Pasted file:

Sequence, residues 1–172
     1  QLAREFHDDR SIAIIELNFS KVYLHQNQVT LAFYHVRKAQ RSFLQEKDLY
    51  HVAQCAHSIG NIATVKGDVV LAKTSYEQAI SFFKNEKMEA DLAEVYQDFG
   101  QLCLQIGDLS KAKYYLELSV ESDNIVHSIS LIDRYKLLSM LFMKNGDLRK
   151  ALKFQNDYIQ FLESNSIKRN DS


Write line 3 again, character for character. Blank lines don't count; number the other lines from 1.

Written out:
    51  HVAQCAHSIG NIATVKGDVV LAKTSYEQAI SFFKNEKMEA DLAEVYQDFG